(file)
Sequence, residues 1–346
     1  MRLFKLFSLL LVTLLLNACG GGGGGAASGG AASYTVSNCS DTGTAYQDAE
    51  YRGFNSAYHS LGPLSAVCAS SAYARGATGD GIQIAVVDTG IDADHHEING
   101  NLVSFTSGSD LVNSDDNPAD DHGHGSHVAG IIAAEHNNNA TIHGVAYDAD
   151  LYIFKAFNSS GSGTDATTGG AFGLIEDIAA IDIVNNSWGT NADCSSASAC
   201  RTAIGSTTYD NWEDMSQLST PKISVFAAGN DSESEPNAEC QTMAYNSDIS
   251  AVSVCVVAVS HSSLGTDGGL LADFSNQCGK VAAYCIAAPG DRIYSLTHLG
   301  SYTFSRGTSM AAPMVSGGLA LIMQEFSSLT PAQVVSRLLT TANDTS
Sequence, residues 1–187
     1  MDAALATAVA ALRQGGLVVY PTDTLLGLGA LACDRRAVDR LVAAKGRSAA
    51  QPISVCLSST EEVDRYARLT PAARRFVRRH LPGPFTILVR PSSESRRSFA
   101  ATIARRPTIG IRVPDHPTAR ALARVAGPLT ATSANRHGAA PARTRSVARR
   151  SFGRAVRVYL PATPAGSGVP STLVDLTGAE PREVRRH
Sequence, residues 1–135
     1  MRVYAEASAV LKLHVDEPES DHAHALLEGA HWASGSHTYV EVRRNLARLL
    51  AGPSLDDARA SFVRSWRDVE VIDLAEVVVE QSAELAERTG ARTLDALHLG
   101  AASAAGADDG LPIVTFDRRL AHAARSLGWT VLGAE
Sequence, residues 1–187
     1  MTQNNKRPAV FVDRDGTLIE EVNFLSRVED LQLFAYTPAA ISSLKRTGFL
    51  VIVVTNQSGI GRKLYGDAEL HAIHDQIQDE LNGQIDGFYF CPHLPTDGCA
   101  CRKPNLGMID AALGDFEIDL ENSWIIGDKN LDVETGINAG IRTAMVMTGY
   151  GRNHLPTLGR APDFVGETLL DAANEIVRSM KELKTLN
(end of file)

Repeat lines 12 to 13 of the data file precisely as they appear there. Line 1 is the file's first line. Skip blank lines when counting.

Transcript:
   101  ATIARRPTIG IRVPDHPTAR ALARVAGPLT ATSANRHGAA PARTRSVARR
   151  SFGRAVRVYL PATPAGSGVP STLVDLTGAE PREVRRH